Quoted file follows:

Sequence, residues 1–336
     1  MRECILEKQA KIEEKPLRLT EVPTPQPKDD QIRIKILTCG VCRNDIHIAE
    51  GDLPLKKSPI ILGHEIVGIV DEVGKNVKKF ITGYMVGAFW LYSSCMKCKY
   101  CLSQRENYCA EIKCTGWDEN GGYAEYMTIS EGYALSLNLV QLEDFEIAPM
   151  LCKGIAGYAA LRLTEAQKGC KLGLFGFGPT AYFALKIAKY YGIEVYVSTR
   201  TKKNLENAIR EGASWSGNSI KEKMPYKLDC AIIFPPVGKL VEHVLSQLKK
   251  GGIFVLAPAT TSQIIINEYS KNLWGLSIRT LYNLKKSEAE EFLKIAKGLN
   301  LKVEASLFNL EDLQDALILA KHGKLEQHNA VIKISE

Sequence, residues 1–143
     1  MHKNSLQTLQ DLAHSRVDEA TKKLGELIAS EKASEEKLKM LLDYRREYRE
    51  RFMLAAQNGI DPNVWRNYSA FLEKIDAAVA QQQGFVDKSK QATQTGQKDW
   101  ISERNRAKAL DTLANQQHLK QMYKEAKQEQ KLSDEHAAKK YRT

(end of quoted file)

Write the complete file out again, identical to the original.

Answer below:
Sequence, residues 1–336
     1  MRECILEKQA KIEEKPLRLT EVPTPQPKDD QIRIKILTCG VCRNDIHIAE
    51  GDLPLKKSPI ILGHEIVGIV DEVGKNVKKF ITGYMVGAFW LYSSCMKCKY
   101  CLSQRENYCA EIKCTGWDEN GGYAEYMTIS EGYALSLNLV QLEDFEIAPM
   151  LCKGIAGYAA LRLTEAQKGC KLGLFGFGPT AYFALKIAKY YGIEVYVSTR
   201  TKKNLENAIR EGASWSGNSI KEKMPYKLDC AIIFPPVGKL VEHVLSQLKK
   251  GGIFVLAPAT TSQIIINEYS KNLWGLSIRT LYNLKKSEAE EFLKIAKGLN
   301  LKVEASLFNL EDLQDALILA KHGKLEQHNA VIKISE

Sequence, residues 1–143
     1  MHKNSLQTLQ DLAHSRVDEA TKKLGELIAS EKASEEKLKM LLDYRREYRE
    51  RFMLAAQNGI DPNVWRNYSA FLEKIDAAVA QQQGFVDKSK QATQTGQKDW
   101  ISERNRAKAL DTLANQQHLK QMYKEAKQEQ KLSDEHAAKK YRT